Laminate flooring is a
multi-layer synthetic flooring product, fused together with a lamination
process. Laminate flooring simulates wood (or stone, in some cases) with
a photographic applique layer under a clear protective layer. The inner
core layer is usually composed of melamine resin and fiber board
materials. There is sometimes a glue backing for ease of installation.
It has the advantages that it is durable, as compared with carpet, and
attractive, at a lower cost as compared to natural floor materials.
The top wear layer is incredibly durable and easy to care
for. It is also impervious to most stains, spills, burns and extremely
scratch-resistant, making it perfect for busy families and pet owners.
Laminate floors are installed by floating the planks over most substrates
including plywood, OSB, concrete slabs and some existing floor coverings.
The planks and tiles have tongue and groove edges that lock them together.
These floors are never secured directly to the sub floor, making
installation possible almost anywhere.
of laminate flooring takes less than hardwood and our
installers can finish a typical home in few of days.
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is any product manufactured from
timber that is designed for use as
flooring, either structural or aesthetic.
Bamboo flooring is often considered a wood floor, although it is
made from a
rather than a timber.
Solid hardwood floors come in a wide range of
dimensions and styles, with each plank made of solid wood and milled
from a single piece of timber. Solid hardwood floors were originally
used for structural purposes, being installed perpendicular to the
wooden support beams of a building. Modern construction techniques
now rarely use wood building frames and solid hardwood floors are
used almost exclusively for their appearance.
For flooring, solid wood has many limitations due
to the natural characteristics of wood. Expansion and contraction of
wood from moisture and temperature fluctuation puts many dimensional
restrictions on solid wood floors. Typically, 5" wide and 3/4" thick
boards are the largest that can be manufactured from solid wood
without compromising the structure of the flooring (some
manufacturers produce wider boards using proprietary milling
techniques). There is, however, no standard size which will perform
well in every environment. For contemporary construction techniques,
the most significant characteristic of solid wood floors is that
they are not recommended to be installed directly over concrete.
Engineered wood flooring is composed of two or
more layers of wood in the form of a plank. The top layer (lamella)
is the wood that is visible when the flooring is installed, and is
adhered to the core (or substrate) which provides the stability.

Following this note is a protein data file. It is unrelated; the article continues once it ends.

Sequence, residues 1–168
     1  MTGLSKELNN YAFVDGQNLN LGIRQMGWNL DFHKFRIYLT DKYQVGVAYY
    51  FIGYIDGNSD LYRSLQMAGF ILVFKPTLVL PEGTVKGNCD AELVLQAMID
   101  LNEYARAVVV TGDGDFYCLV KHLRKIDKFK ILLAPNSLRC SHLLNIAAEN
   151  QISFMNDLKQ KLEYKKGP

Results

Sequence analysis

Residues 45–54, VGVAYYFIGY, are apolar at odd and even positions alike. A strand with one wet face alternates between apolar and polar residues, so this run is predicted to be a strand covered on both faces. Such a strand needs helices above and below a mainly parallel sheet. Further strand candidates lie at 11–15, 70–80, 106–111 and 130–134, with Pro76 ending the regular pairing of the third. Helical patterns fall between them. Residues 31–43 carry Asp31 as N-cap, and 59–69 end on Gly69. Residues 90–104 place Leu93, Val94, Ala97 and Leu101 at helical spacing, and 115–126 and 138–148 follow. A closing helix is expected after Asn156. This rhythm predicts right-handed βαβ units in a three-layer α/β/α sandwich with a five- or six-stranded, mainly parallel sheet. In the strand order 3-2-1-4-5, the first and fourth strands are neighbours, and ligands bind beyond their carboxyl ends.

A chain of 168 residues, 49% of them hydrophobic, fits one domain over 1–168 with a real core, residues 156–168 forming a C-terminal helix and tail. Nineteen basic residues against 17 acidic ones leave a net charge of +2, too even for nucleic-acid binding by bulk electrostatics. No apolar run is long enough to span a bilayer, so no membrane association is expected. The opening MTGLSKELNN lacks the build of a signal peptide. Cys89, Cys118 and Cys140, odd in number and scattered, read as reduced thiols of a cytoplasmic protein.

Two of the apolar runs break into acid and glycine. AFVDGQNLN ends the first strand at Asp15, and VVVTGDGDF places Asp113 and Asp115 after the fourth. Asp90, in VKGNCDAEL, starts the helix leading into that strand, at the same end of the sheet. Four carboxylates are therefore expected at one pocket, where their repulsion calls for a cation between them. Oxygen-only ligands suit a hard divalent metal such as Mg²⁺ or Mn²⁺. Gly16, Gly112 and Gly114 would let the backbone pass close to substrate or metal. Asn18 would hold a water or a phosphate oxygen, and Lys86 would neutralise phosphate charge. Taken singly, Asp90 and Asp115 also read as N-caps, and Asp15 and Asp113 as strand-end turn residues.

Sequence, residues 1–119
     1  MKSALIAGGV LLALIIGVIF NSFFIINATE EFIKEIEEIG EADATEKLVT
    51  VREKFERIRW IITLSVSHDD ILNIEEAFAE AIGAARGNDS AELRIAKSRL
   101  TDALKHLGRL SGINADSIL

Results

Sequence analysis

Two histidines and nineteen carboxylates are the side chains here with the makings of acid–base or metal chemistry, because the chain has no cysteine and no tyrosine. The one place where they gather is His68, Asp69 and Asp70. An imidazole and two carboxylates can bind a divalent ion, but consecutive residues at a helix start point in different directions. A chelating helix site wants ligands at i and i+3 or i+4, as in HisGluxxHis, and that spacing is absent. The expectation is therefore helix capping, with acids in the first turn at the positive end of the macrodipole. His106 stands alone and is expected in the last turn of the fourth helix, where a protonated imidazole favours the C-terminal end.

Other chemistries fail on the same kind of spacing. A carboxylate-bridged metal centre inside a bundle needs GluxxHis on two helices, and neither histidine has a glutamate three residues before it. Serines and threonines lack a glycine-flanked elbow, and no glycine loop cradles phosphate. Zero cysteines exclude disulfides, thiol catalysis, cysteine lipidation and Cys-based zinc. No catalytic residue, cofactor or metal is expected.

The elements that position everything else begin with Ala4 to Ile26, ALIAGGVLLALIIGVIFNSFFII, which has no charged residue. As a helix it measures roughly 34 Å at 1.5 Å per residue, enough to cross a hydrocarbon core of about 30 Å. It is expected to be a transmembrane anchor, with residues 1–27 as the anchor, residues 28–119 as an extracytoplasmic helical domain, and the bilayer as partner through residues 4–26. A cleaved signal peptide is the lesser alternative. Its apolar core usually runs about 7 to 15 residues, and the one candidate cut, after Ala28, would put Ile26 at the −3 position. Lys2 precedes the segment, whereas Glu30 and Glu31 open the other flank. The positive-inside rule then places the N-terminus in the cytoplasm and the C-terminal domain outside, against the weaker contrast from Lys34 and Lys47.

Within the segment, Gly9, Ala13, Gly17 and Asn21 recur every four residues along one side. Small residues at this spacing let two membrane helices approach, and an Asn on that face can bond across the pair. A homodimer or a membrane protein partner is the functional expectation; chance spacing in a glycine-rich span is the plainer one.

Laminate, vinyl and
veneer floors are often confused with engineered wood floors -
laminate uses an image of wood on its surface, vinyl is plastic
formed to look like wood, and veneer uses a thin layer of wood with
a core that could be one of a number of different composite wood
products (most commonly, high density fibreboard).
Engineered wood is the most common type of wood
flooring used globally. North America is the only continent that has
a larger solid wood market than engineered, although engineered wood
is quickly catching up in market share.
of solid wood and engineered wood
It is very difficult to compare a solid wood
floor to engineered wood floors, as there is a wide range of
engineered wood floor qualities. There are several limitations on
solid hardwood that give it a more limited scope of use: solid wood
should not be installed directly over concrete, should not be
installed below grade (basements) and it should not be used with
radiant floor heating. Solid hardwood is also typically limited in
plank width and is more prone to "gapping" (excessive space between
planks) and "cupping" (a
concave or "dished" appearance of the plank, with the height of
the plank along its longer edges being higher than the centre) with
increased plank size. Solid wood products, on average, have a
slightly thicker 'sandable area' (the wood that is above the
tongue), and can be installed using nails. Lastly, solid wood tends
to be less expensive than engineered wood, but this, as with the 'sandable
area,' depends on the quality of the engineered wood (most
inexpensive engineered wood products are 'veneer' wood floors, and
The installation costs of engineered flooring are
typically lower than solid flooring.
Engineered wood flooring has several benefits
over solid wood, beyond dimensional stability and universal use.
Patented installation systems (such as "unilin" or "fiboloc") allow
for faster installation and easy replacement of boards. Engineered
wood also allows a 'floating' installation (where the planks are not
fastened to the floor below or to each other), further increasing
ease of repair and reducing installation time.
In general engineered wood panels are longer and
wider than solid planks.
The top surface of solid and engineered flooring,
have the same properties of hardness and durability.
The development of "structural" engineered
flooring now means engineered floors (often with 1/4 inch lamellas
and birch ply backing)can be nailed directly over joists without the
need for plywood sub-flooring.
Solid wood can be cut in three styles: flat-sawn,
quarter-sawn, and rift-sawn. However, because only one side of the
wood is visible on flooring, "quarter-sawn" and "rift-sawn" will
have the same appearance.
Many solid woods come with "absorption strips" -
grooves cut into the back of the wood that run the length of each
plank. They are used to reduce cupping.
Solid wood floors are mostly manufactured with a
tongue-and-groove for installation.
The lamella is the face layer of the wood that is
visible when installed. Typically it is a sawn piece of timber.
The timber can be cut in three different styles:
flat-sawn, quarter-sawn, and rift-sawn. However, because only one
side of the wood is visible on flooring, "quarter-sawn" and
"rift-sawn" will have the same appearance.
1) Wood ply construction ("sandwich core"): Uses
multiple thin plies of wood adhered together. The wood grain of each
ply runs perpendicular to the ply below it. Stability is attained
from using thin layers of wood that have little to no reaction to
climatic change. The wood is further stabilized due to equal
pressure being exerted lengthwise and widthwise from the plies
running perpendicular to each other.
2) Finger core construction: Finger core